3 Places Paper Should Be Recycled

Submitted by: Phil Riebel 03/12/2013

In 2011, a record-high 66.8 percent of paper was recovered and recycled in the U.S., which means people are recycling quite a bit in their daily lives. There's always room for improvement, however, and though 87 percent of Americans have access to curbside or drop-off recycling options for paper, it's important to ensure you're recycling whenever you can.


March 12, 2013

by Kathryn Sukalich

In 2011, a record-high 66.8 percent of paper was recovered and recycled in the U.S., which means people are recycling quite a bit in their daily lives. There's always room for improvement, however, and though 87 percent of Americans have access to curbside or drop-off recycling options for paper, it's important to ensure you're recycling whenever you can. To help you promote recycling in your day-to-day life, we've put together a list of three places you should always recycle. We've also compiled some steps you can take to start recycling - or even start a recycling program - in those places in case there isn't a recycling system already in place. With a little time and effort, you can help make the paper recycling rate even higher.

1. At Work

Why It Matters

If you work in an office, or in many other workplaces for that matter, you probably use a fair amount of paper. Even though technology can help reduce the amount of paper we use, paper still plays a prominent role in work life. Plus, the average American uses almost six 40-foot tall trees worth of paper each year. On the upside, though, purchases of printing and writing paper declined by 5 percent in 2011, according to paperrecycles.org, a website maintained by the American Forest & Paper Association (AF&PA), and recycling of printing and writing paper only declined by 1.2 percent. This means that while there may be less paper in use, we are recycling a larger chunk of that paper.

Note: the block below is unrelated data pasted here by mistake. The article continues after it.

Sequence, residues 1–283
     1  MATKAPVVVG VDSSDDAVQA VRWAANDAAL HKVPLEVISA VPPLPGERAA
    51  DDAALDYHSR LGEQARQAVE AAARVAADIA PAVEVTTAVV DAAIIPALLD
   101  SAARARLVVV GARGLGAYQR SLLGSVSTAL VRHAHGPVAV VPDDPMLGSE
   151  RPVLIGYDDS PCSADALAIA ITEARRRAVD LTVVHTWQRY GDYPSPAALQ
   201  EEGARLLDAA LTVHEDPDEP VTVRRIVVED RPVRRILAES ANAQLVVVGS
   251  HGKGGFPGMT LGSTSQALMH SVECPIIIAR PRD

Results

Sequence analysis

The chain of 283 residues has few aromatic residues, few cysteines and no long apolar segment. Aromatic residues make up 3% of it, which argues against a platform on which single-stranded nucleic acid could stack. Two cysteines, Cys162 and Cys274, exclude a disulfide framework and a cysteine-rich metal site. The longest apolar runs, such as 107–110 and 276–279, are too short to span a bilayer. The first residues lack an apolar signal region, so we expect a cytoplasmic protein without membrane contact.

Printing and writing paper are likely the most common types of paper in many workplaces, but plenty of other paper types including envelopes, stationary, magazines and paper-based packaging are found at work as well. Since so many types of paper surround people at work, employees need to know which types can be recycled and how to do so.

Steps to Take

Your employer or the building you work in may already have recycling procedures in place, so first check to familiarize yourself with the options available to you. If a recycling program for paper doesn't exist, you may need to look into starting one. The American Forest & Paper Association offers some useful guides to help you implement paper recycling programs. For a detailed set of instructions about getting started with recycling at work, take a look at their Workplace Recycling Guide. Here are some of the basic steps to keep in mind while you plan:

  • Identify Recyclables - You may need to conduct an audit of your workplace's waste stream to find out what kinds of paper are being thrown away, how much there is and where most of this paper is generated.
  • Find a Market for Your Paper - You will need to find a vendor to collect and transport your paper for processing. Check with your building manager or trash hauler, as they may be able to assist you.
  • Talk with Management - Those in charge will want to know about cost and potential benefits, and having management on board will be important to the success of a program.